Cuomo Resigns as New York Governor Amid Harassment Claims

Cuomo Resigns as New York Governor Amid Harassment Claims

14:22 - New York Governor Andrew Cuomo announced his resignation on Tuesday, bowing to pressure to leave office or face impeachment in the wake of multiple sexual-harassment allegations.

Cuomo said in an appearance in New York City that he would leave office in 14 days and Lieutenant Governor Kathy Hochul would take over, becoming New York’s first female governor. Cuomo maintained that he didn’t harass anyone but was “thoughtless” in the way he spoke to and touched women on his staff.

“In my mind, I’ve never crossed the line with anyone,” said Cuomo, 63. “But I didn’t realize the extent to which the line has been redrawn.”

The move marks a stunning denouement to a decades-long political career. A year ago, Cuomo was winning praise for his coronavirus response and talked about as a potential presidential candidate. But in recent months, his reputation soured as multiple women made claims that included unsolicited hugs, kisses and touches, questions about their sex lives, even an invitation to play strip poker while on a government plane. The most serious accusation, under criminal investigation by the Albany County sheriff, alleged the governor had groped an aide at his executive mansion.

Both state Attorney General Letitia James and the state Assembly Judiciary Committee had been investigating the harassment claims for months. The Assembly also was looking at claims that Cuomo’s administration covered up Covid nursing-home deaths, provided relatives with virus testing before it was widely available, mishandled construction of the Mario Cuomo Bridge and misused public resources while accepting $5 million to write a book, “American Crisis: Leadership Lessons from the COVID-19 Pandemic.”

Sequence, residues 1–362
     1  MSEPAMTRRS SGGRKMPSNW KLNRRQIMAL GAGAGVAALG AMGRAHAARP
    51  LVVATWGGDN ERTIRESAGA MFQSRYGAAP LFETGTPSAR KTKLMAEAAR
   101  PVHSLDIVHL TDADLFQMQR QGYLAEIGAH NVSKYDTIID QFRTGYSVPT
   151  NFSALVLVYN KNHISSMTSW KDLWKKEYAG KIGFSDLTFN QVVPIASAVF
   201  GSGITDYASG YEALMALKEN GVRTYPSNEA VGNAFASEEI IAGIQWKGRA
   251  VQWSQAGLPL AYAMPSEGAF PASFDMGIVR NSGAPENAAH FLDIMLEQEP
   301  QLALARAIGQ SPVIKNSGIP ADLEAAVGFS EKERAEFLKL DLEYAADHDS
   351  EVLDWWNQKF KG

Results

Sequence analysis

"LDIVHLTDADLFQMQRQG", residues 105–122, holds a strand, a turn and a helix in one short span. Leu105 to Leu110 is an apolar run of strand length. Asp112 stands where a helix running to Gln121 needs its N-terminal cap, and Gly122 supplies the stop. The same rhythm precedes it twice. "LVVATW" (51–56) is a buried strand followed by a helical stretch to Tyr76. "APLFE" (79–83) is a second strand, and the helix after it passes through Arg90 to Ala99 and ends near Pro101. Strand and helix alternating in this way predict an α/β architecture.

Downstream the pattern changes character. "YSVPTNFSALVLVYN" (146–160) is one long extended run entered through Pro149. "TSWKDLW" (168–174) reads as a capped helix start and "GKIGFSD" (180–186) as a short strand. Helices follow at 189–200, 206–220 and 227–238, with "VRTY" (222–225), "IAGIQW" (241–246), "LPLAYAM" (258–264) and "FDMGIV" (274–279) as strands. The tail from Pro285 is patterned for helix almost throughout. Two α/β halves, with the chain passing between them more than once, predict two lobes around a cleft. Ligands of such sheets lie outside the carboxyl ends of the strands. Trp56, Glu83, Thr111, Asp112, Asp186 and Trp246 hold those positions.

The end of Cuomo’s term began when James released her report one week ago, documenting 11 claims of sexual harassment that Cuomo’s lawyer, Rita Glavin, was still disputing to reporters minutes before Cuomo resigned.

Cuomo on Tuesday apologized to the women cited in James’s report and called it “false,” but said his decision to leave was in the best interest of New Yorkers. He said he didn’t intentionally sexually harass anyone and accepts “full responsibility” if he offended anyone.

“The report said I sexually harassed 11 women. That was the headline people heard and saw and reacted to. The reaction was outrage -- it should have been -- however it was also false,” he said.

Cuomo had released a taped statement after James released her report last Tuesday but has been holed up in the Executive Mansion in Albany, and has resisted calls to resign from President Joe Biden and Democratic leaders around the country.

White House Press Secretary Jen Psaki said that Biden had not spoken to Cuomo and he was unaware the governor was going to resign. She also said he has no plans to reach out to Cuomo.

“This is a story about these courageous women who came forward, told their stories, shared their stories and an investigation by the attorney general that of course concluded today in an outcome that the president called for just last week,” Psaki said.

Other Democrats who had called for his resignation, including U.S. Senate Majority Leader Chuck Schumer of New York, said he did the right thing.

Cuomo said he chose to resign because the drawn-out impeachment process that was coming would “brutalize people” and cost taxpayers millions of dollars.

Cuomo’s refusal to leave when the allegations surfaced in the spring had support from several Democrats, but many changed their tune as the number of accusers grew. Assembly Speaker Carl Heastie had resisted impeachment, pushing for a less severe Assembly Judiciary Committee review as a first step.